So was Thomas ineligible? We’ll see. The best defense Duke appears to have might be the purchase order that specifies Thomas owed the balance within 15 days. If so, the jeweler obviously wasn’t waiting on him to earn NBA money because he would’ve still been in college at that time. Perhaps a $30,000 lump sum is enough of a good-faith gesture to trust the final two-thirds would soon arrive.
Or maybe there was a verbal agreement. An understanding that this was a Duke player. Boastful talk about the NBA. It’s important to ask: If the rest of the money was required in 15 days, why did it take more than two years to file suit?
That’s where the details of the case will matter, and right now, Duke might have an aggrieved party, Rafaello & Co., ready to talk to the NCAA.
“Speaking hypothetically,” the jeweler’s attorney, Mike Bowers, told the AP, “if he came in on a bicycle with tattered jeans, I doubt seriously he would have been sold jewelry, but I’m not drawing conclusions. The terms here are clear.”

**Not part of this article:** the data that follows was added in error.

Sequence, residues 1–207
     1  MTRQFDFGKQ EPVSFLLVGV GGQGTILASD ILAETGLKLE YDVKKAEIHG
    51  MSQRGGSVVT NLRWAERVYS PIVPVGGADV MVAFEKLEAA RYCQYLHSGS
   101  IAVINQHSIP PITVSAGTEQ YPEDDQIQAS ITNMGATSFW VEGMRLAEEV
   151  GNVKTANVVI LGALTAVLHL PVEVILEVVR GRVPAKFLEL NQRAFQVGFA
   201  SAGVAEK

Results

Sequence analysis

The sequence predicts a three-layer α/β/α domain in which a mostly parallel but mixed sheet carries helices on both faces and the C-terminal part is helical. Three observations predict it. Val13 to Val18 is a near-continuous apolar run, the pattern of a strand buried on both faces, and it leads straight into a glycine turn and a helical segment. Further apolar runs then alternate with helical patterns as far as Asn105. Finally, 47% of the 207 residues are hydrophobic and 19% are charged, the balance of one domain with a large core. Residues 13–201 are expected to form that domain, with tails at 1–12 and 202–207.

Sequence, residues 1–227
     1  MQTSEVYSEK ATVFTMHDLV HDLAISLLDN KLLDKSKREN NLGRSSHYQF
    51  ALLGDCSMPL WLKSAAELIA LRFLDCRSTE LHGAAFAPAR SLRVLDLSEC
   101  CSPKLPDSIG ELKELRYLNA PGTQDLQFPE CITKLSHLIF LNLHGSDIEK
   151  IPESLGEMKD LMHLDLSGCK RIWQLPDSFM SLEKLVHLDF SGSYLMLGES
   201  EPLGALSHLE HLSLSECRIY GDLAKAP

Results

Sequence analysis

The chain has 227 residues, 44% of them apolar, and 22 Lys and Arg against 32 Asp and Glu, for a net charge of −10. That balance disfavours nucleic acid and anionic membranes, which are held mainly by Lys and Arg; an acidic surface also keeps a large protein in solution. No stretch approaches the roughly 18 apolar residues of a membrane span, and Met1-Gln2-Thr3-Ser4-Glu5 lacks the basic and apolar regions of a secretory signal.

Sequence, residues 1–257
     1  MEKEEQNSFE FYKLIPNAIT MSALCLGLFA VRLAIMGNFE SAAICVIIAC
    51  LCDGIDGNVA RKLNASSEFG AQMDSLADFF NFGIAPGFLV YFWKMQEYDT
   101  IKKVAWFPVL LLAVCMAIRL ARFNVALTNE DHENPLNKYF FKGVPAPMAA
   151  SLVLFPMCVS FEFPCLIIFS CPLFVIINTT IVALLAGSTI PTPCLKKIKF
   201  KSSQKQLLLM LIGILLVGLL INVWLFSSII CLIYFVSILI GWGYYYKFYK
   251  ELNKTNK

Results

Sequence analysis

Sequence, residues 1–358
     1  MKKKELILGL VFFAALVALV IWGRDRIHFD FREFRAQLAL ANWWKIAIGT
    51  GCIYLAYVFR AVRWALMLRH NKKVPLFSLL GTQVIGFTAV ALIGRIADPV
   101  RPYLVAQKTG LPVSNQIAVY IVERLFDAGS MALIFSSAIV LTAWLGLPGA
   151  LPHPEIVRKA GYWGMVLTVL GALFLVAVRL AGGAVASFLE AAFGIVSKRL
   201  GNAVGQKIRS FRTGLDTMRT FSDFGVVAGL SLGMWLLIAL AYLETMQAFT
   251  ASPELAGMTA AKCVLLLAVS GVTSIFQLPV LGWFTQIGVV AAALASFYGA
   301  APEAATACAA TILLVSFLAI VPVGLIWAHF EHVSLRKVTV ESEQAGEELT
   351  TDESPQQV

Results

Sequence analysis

So are the stakes.
Not just for Duke, but for the NCAA, which, for decades, has been criticized for supposedly enforcing its rules differently against different programs. Memphis was coached by John Calipari; a far easier target than Krzyzewski. Even if additional sanctions are highly unlikely because of the Duke coaches’ ignorance, the vacating of the title would hurt enough.
Cal and the Tigers wailed about “strict liability,” but few cared when the Final Four was stripped. It would be a different public-relations situation for Coach K.
The NCAA can’t ignore this because it’s Duke, but if it’s Duke that loses its national title over a jewelry-store loan, of all things, how can the NCAA continue to ignore that its entire busted rulebook?
So here comes an obscure lawsuit from a near-six-figure Manhattan shopping spree, right out of nowhere, right out of the past.
Here comes a case that could shake college sports to its foundation, banners dropping and questions rising, strict liability and situational enforcement as much in the crosshairs as Duke itself.